Every act of generosity, no matter what its physical outcome, gifts us the possibility of a rich connection. That is a very big lesson as we get settled into our sophomore year.
Then comes the junior year. In the third phase, we learn how to cultivate that field of friendship with skillfulness.
Many times, our invitation to connect will get rejected. That could point to a lack of generosity on our part, or a lack of skillfulness. In the third year, the skillfulness comes into clear focus. For example, it's one thing to say, "Look guys, I love to sing so I’m going to inflict a song onto you. Whether you like it or not, here is my act of generosity, and I want to feel connected to you." Clearly, that's not going to work. Like a hammer looking for a nail, we often give without mindfulness of the context. Instead, if I know your favorite song, if I know you're going through a rough patch in life, and if I gently record that song on my phone and email it to you without much fanfare, it will land very differently. Such skillfulness isn't just strategy with pre-set conditions, but rather a dynamic dance with all the conditions of a present moment.
Just a few days ago, I was with an elderly couple – Arun Dada and Meera Ba. Now in their eighties, their entire life has been rooted in generosity. The bonds of love in the sophomore year? These guys were so deeply rooted that they have never earned a salary in their life. As students of Vinoba, Arun Dada and Meera Ba have never put a price tag on their labor. And he would send people out with a broom, a scripture of their choice and a musical instrument to communities in the farthest corners of India. Not knowing anyone, not having any money, you have to build it all on the fly – armed with the power of service and love. You can imagine that after decades of such work, your street-savvy skillfulness would be profoundly tuned.
"Nine years ago, we were gifted this house," Arun Dada told us. The week they moved in, they discovered that their neighbor was a drunkard, prone to fits of violence. Just a couple days after their move, they noticed that their front yard was filled with food items and alcohol. It turned out that the neighbor also ran a catering business, and thought he could use Arun Dada's front yard for storage space. Arun Dada naturally protested. "Sir, this is our home now, we don't drink or take non-vegetarian food, and this is inappropriate." Somehow he managed to convince the catering staff of their error.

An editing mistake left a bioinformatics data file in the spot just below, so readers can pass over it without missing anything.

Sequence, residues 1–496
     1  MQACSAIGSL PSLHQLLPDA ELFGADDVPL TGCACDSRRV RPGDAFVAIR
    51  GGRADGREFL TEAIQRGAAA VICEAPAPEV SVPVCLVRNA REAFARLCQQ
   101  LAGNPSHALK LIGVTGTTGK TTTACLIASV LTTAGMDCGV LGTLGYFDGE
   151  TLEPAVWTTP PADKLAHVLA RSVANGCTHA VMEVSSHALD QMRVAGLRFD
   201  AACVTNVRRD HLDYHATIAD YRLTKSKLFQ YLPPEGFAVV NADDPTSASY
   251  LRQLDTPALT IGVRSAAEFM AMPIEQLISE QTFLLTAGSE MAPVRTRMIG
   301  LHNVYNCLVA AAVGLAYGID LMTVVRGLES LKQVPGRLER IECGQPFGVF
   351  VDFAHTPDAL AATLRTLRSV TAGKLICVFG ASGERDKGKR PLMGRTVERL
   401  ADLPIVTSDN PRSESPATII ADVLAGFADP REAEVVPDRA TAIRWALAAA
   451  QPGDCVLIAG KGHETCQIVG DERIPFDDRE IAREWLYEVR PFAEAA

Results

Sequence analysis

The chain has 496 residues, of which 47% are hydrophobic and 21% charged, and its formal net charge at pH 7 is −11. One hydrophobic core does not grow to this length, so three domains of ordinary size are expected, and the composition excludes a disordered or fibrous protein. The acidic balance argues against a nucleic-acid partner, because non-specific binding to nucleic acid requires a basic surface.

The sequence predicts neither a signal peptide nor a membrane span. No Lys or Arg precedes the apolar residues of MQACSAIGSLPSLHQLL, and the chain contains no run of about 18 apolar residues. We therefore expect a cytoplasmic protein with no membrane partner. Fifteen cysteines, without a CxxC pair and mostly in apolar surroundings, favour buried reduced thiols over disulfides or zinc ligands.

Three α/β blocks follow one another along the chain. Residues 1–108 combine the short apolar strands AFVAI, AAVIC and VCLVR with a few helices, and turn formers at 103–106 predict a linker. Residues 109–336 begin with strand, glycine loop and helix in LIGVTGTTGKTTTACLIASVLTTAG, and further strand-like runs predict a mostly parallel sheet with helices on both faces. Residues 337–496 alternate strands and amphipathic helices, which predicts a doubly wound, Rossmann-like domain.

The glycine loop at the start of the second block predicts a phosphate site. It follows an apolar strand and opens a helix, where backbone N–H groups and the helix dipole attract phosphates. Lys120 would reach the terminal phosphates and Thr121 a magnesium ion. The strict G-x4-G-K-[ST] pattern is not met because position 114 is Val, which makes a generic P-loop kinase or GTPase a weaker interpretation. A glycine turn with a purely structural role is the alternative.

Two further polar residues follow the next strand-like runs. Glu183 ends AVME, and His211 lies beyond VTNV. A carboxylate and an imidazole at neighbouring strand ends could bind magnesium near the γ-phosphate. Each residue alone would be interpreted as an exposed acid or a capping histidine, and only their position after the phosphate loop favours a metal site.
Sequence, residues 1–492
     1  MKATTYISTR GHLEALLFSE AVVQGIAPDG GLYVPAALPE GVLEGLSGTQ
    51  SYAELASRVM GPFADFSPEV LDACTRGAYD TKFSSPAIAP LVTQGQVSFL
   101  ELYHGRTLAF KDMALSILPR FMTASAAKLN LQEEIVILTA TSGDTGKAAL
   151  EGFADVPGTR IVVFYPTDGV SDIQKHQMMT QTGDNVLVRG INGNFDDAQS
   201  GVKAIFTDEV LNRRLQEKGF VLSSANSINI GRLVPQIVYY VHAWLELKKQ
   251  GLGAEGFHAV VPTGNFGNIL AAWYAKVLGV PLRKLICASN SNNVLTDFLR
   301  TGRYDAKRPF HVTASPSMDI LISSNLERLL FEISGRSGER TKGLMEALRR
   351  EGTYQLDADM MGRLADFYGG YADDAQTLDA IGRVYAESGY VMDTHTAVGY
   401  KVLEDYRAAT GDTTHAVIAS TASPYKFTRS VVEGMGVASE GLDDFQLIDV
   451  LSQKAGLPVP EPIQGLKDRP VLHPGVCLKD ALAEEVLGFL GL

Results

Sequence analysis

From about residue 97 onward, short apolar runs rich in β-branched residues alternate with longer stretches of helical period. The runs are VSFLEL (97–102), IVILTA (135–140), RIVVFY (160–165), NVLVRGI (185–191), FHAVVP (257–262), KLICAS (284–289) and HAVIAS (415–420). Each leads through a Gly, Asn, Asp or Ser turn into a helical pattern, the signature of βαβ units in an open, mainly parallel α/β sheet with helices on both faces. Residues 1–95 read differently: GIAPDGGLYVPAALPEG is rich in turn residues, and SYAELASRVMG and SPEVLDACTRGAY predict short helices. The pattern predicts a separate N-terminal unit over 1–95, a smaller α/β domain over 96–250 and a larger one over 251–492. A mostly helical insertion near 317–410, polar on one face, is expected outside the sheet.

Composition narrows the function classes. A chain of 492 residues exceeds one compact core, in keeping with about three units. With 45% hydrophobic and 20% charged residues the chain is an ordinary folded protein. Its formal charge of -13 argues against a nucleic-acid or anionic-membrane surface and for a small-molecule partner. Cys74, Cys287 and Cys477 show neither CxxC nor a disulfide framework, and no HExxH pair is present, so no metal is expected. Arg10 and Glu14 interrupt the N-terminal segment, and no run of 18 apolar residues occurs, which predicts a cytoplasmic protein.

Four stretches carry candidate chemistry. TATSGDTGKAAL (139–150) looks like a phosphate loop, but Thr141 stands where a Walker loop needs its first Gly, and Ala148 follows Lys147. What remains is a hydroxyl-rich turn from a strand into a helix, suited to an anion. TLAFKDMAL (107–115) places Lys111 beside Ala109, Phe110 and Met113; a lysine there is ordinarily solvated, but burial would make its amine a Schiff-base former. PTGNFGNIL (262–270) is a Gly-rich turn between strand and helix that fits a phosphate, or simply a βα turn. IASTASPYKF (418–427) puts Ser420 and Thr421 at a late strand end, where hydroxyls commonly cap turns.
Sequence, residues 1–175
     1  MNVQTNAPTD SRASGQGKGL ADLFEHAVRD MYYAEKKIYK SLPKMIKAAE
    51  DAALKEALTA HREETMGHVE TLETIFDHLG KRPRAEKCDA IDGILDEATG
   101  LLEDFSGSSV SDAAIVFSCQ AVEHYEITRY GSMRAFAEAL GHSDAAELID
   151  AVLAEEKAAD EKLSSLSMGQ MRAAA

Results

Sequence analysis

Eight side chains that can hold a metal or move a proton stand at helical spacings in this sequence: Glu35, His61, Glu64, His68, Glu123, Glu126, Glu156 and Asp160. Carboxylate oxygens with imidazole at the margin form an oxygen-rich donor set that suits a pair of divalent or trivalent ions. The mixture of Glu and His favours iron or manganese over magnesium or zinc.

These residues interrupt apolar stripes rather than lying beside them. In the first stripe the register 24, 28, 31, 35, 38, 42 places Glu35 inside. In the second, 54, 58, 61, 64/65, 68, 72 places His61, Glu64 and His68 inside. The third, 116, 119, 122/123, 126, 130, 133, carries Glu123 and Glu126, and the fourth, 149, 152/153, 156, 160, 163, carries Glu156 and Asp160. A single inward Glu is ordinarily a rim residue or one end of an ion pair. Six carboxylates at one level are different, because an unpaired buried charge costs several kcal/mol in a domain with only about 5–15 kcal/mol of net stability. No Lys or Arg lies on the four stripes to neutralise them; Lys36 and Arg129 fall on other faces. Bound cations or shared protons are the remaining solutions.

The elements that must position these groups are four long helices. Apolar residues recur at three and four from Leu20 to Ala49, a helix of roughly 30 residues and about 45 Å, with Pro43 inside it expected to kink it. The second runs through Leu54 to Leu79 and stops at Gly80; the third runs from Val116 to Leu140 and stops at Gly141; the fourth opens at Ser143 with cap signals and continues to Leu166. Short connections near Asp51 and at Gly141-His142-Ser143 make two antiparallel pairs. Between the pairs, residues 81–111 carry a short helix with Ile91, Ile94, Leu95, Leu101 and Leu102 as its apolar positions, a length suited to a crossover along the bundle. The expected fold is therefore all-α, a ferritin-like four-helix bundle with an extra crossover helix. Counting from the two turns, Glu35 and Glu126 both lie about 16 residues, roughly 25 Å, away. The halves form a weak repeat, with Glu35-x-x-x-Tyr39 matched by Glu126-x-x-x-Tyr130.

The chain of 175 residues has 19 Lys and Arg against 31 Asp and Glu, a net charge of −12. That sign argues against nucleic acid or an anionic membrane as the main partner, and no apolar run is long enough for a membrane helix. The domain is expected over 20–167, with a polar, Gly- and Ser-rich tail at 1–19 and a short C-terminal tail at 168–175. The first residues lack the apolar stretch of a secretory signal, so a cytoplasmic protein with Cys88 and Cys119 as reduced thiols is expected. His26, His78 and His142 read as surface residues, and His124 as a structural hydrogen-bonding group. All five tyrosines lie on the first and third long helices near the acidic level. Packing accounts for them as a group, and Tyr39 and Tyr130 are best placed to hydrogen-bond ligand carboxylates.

But that night, at 12:30am, the gates of his bungalow shook violently. "Who is Arun Bhatt?" a loud voice screamed. Meera Ba is wheelchair-bound and immobile, but she woke up and looked out the window. Arun Dada put on his glasses and walked out to the gate.
"Hi, I'm Arun," he said while greeting the ominous drunk man. Immediately, the man grabbed 73-year old Arun Dada by his collar and said, "You sent my staff back this morning? Do you know who I am?" It was the next-door neighbor, bent on inflicting fear and punishment. While cursing vehemently, he struck Arun Dada's face, knocking his glasses to the ground – which he then tossed into a nearby creek. Undeterred by the violent actions, Arun Dada compassionately held his ground. "My friend, you can take out my eyes if you'd like, but we have now moved into this house, and it would be great if you could respect our boundaries," he said. "Oh yes, you're that Gandhian type, aren't you? I've heard of people like you," sneered the intruder. After some more verbal assaults, the drunken neighbor gave up for the night and left.
The next morning, the neighbor's wife apologetically approached Arun Dada and Meera Ba. "I'm so sorry. My husband gets very unruly at night. I heard that he threw away your glasses last night, so I've brought this for you," she said offering some money for a new pair of glasses. Arun Dada responded with his usual equanimity, "My dear sister, I appreciate your thought. But my glasses were rather old and my prescription has gone up significantly. I was long overdue for new glasses anyhow. So don't worry about it." The woman tried to insist, but Arun Dada wouldn't accept the money.
A few days later, during the day, the neighbor and Arun Dada crossed paths on their local street. The neighbor, embarrassed, hung his head and looked down at the ground, unable to make eye contact. A common response might be one of self-righteousness ("Yeah, you'd better look down!"), but Arun Dada didn't feel good about the encounter. He went home and reflected on how he might be able to befriend his difficult neighbor, but no ideas surfaced.
Weeks passed. It was still challenging being neighbors. For one, the man next door was always on the phone, negotiating some deal or another, and every other word out of his mouth was a curse word. They didn't have much sound insulation between their walls, but Meera Ba and Arun Dada were constantly subject to foul language, even though it wasn't addressed at them. Again, with equanimity, they quietly endured it all and continued to look for an avenue to this man's heart.